Touring the Breakfast Factory: Thoughts on High Output Management

by phildini on January 10, 2019

As I mentioned in my last post, I recently moved from being a Senior Software Engineer to a Team Lead. I’m fortunate to have received the advice early in my career that moving to management is less a promotion and more starting a new job; I immediately started looking for information on how to get better at this new job, fast. 

I am doubly fortunate to know Jacob Kaplan-Moss, and to have come across his reading list for new engineering managers last year. As soon as I knew that I was heading towards a management path, I bought every book on his list, including Andrew S. Grove’s High Output Management.

One of my winter break goals was to get through as many books as possible, and High Output Management was at the top of the stack. As soon as I started reading it, I understood why it’s so highly recommended in management circles: it’s the best book on managing teams of people that I’ve read so far. It’s so good, in fact, that some of the best ideas in it seemed obvious to me.The ideas seem obvious because every company I’ve worked for has implemented some part of Grove’s ideas about management. They seem obvious because I have the advantage of living in a world that has had High Output Management in it for the past 30 years.

Take the idea of metrics and outcomes guiding a team. Every company I’ve worked for, especially in tech, has every team or department within it tracking metrics that get reported up the chain on a regular basis. As an engineer, this obsession with team metrics and trying to improve them can seem like a waste of time. “We feel good about the things we’re working on, why do we have to spend so much time quantifying them?” 

The answer to this comes almost immediately in High Output Management: Every team is a black box to everyone not on the team, and the only way to know if a team is successful or not is to check the team’s metrics or see what they’ve shipped (which is itself another kind of metric). Thinking about metrics and outcomes in this way permanently changed my approach to teams. I started immediately looking at my team’s reporting metrics not as some arbitrary goal to hit, but as the only measure of the team’s health that most of the rest of the company would see.

Once you start thinking about metrics and outcomes in this way, if you’re like me you’re driven to make sure the metrics are real for your team. “Real” here means that the metrics actually line up with what the team AND the company care about, that your team can do something to affect the metrics, and that the members of the team are bought in to what the metrics represent. That last bit is especially crucial. Once your team knows why the metrics are important and agrees on what they should be, they can start making suggestions for how to improve them that might be better than the planned workstreams.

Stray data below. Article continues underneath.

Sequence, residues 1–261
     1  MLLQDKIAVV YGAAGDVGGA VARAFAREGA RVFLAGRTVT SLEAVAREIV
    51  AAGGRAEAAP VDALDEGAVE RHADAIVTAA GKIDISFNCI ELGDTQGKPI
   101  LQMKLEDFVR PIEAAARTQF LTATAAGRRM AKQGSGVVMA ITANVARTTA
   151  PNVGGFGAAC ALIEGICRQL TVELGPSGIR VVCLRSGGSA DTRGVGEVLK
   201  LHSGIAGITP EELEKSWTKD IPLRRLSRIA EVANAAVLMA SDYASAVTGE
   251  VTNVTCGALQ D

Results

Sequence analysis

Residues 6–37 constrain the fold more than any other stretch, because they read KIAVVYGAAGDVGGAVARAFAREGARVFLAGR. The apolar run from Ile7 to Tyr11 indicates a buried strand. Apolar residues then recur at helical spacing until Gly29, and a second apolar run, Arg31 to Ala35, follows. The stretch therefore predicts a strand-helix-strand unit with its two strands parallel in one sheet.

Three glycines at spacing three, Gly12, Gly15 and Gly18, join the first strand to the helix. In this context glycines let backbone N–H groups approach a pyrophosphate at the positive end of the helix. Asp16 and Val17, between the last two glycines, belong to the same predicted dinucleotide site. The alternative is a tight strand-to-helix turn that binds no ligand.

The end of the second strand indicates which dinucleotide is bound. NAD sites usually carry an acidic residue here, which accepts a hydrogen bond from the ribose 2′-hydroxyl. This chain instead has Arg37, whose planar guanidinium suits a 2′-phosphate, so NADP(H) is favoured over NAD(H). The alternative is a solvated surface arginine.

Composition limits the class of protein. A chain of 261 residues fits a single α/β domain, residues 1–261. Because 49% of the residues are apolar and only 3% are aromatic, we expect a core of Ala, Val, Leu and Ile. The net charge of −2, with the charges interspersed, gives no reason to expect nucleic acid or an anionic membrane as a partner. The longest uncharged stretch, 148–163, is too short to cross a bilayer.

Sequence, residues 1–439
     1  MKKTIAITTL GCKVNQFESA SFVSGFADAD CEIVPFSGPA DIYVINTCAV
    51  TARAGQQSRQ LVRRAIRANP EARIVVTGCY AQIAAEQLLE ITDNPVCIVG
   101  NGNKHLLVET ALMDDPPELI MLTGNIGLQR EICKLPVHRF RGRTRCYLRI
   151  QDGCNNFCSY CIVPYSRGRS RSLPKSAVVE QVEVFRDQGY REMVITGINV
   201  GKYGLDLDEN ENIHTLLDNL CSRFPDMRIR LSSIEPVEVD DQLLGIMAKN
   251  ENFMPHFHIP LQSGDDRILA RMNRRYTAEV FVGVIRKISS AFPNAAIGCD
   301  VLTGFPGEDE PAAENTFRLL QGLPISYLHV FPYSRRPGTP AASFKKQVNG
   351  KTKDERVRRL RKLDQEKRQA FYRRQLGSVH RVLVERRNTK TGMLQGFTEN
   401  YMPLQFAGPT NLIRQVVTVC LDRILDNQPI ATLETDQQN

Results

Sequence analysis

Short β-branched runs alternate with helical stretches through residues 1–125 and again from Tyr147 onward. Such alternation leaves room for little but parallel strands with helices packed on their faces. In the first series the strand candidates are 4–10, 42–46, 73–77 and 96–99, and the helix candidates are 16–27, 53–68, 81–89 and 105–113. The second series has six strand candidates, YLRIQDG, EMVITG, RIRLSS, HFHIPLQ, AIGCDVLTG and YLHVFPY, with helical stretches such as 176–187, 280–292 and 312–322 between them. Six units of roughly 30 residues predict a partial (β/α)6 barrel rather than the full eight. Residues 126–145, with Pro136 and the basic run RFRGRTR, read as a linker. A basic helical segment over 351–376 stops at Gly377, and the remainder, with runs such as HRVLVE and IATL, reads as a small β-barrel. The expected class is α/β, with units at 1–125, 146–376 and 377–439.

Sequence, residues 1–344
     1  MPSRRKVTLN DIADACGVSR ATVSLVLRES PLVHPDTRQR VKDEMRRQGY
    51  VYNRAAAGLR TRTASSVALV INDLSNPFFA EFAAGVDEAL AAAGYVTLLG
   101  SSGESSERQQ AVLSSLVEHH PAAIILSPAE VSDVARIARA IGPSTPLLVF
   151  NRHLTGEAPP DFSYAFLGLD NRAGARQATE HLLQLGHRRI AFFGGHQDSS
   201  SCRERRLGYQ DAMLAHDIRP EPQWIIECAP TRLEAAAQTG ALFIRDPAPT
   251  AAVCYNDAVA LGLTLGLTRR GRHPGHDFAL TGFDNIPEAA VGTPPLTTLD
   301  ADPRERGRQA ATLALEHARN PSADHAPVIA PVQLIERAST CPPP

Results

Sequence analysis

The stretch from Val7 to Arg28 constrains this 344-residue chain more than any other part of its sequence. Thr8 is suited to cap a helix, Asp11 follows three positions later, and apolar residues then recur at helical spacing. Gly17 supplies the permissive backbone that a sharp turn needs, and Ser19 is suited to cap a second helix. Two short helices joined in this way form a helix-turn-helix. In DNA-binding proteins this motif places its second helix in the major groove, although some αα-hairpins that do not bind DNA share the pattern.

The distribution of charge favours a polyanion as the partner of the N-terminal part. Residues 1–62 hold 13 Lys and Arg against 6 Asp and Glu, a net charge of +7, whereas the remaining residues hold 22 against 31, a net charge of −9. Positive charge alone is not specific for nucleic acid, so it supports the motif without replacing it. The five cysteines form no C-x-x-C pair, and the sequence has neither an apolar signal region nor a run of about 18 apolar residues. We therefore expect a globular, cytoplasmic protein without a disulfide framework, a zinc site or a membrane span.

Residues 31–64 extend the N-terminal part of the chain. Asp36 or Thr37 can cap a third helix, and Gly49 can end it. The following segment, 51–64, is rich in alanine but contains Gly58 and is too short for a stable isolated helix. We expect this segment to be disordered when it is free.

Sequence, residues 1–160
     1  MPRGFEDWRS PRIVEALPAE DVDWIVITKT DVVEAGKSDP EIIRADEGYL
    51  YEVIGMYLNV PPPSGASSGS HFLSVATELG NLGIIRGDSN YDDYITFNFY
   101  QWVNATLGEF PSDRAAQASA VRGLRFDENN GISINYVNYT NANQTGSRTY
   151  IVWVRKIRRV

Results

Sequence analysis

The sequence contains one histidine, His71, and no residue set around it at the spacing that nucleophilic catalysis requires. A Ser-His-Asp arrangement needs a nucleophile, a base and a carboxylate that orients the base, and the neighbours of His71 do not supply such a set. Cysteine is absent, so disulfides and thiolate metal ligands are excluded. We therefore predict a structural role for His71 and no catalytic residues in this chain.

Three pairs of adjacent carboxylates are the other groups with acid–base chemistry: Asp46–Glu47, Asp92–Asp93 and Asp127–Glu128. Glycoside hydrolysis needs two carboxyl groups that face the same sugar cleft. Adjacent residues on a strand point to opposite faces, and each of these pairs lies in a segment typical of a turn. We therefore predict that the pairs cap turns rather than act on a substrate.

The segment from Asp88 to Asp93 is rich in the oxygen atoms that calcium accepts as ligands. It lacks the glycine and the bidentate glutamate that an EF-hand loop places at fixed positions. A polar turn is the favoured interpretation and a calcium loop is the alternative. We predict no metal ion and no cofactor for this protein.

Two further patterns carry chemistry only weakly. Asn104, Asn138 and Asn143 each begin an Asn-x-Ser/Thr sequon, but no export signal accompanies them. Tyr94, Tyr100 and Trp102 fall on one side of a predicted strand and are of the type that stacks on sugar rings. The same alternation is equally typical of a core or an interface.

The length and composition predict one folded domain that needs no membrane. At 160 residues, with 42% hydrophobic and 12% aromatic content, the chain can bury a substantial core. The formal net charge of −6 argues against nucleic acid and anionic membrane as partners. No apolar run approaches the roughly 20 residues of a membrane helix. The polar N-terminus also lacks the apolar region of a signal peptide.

Speaking of outcomes and ideas that were popularized by High Output Management, let’s talk about OKRs. OKRs are an instance of the endless acronym parade that permeates Silicon Valley, and this one stands for “Objectives and Key Results”. Grove introduces this in talking about “management by objectives” (MBO, hooray another acronym), which is how every team I think I’ve ever been on has been managed without my ever knowing the term. “Objectives and Key Results” is an unfortunately jargon-heavy way to express an idea that I actually love, namely “Here’s where we think we’re going, and here’s how we’ll know if we’re going in the right direction.”

A trivial example. Say I want to get from my house in Alameda to my favorite taco place in Oakland, Xolo. “Get to Xolo” is my objective. There’s a myriad of ways I could check how close I am, and each one of those is a potential key result. I could carefully measure the odometer (metrics based), or I could know that I’m about a quarter of the way there when I hit the dog park, halfway there when I hit the tunnel, and roughly three-quarters of the way there when I turn on 12th st (milestone based). Take this simple idea and expand it to what your team or company cares about, and hopefully some of the chaos of running a team doesn’t just get a little bit clearer.

“Making things clearer over time” could be a subtitle for the book, in fact. Grove lays out his material in such a way that every chapter has at least one idea I found immediately useful, although the later chapters on performance evaluation and especially hiring feel a touch outdated. This is the disadvantage of reading such a seminal book 30 years after it’s publication -- Grove’s ideas were so good we adopted many of them and kept iterating!

After reading High Output Management, I’m doubly indebted to Jacob KM and the others who recommended it to me. Once, because it gave me more tools in my management toolbox. Twice, because I know have an iron-clad recommendation for anyone who asks “what books should I read about being a manager?”. Grove’s book is near the top of that list.

Have you read High Output Management? Think I’m wrong in some of my thinking on it, or want to talk about strategies from the book that worked for you? Drop a note in the comments.